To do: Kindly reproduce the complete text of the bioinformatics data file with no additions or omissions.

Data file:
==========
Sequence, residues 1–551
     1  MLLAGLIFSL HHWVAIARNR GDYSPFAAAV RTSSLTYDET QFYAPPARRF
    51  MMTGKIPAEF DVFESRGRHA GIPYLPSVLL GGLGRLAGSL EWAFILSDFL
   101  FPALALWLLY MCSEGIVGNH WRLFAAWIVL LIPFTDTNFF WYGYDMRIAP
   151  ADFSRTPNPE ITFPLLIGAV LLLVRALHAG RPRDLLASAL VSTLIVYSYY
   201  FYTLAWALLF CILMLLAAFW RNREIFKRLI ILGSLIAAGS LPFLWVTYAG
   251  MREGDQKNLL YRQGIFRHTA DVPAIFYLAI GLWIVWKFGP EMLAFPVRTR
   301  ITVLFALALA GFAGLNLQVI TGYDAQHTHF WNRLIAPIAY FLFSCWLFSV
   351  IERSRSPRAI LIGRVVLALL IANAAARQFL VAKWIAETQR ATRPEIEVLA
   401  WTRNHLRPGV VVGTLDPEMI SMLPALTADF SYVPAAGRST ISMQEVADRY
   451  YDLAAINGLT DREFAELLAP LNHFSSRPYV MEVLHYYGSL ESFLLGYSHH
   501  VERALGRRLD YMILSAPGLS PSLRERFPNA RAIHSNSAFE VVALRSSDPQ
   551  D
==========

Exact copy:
Sequence, residues 1–551
     1  MLLAGLIFSL HHWVAIARNR GDYSPFAAAV RTSSLTYDET QFYAPPARRF
    51  MMTGKIPAEF DVFESRGRHA GIPYLPSVLL GGLGRLAGSL EWAFILSDFL
   101  FPALALWLLY MCSEGIVGNH WRLFAAWIVL LIPFTDTNFF WYGYDMRIAP
   151  ADFSRTPNPE ITFPLLIGAV LLLVRALHAG RPRDLLASAL VSTLIVYSYY
   201  FYTLAWALLF CILMLLAAFW RNREIFKRLI ILGSLIAAGS LPFLWVTYAG
   251  MREGDQKNLL YRQGIFRHTA DVPAIFYLAI GLWIVWKFGP EMLAFPVRTR
   301  ITVLFALALA GFAGLNLQVI TGYDAQHTHF WNRLIAPIAY FLFSCWLFSV
   351  IERSRSPRAI LIGRVVLALL IANAAARQFL VAKWIAETQR ATRPEIEVLA
   401  WTRNHLRPGV VVGTLDPEMI SMLPALTADF SYVPAAGRST ISMQEVADRY
   451  YDLAAINGLT DREFAELLAP LNHFSSRPYV MEVLHYYGSL ESFLLGYSHH
   501  VERALGRRLD YMILSAPGLS PSLRERFPNA RAIHSNSAFE VVALRSSDPQ
   551  D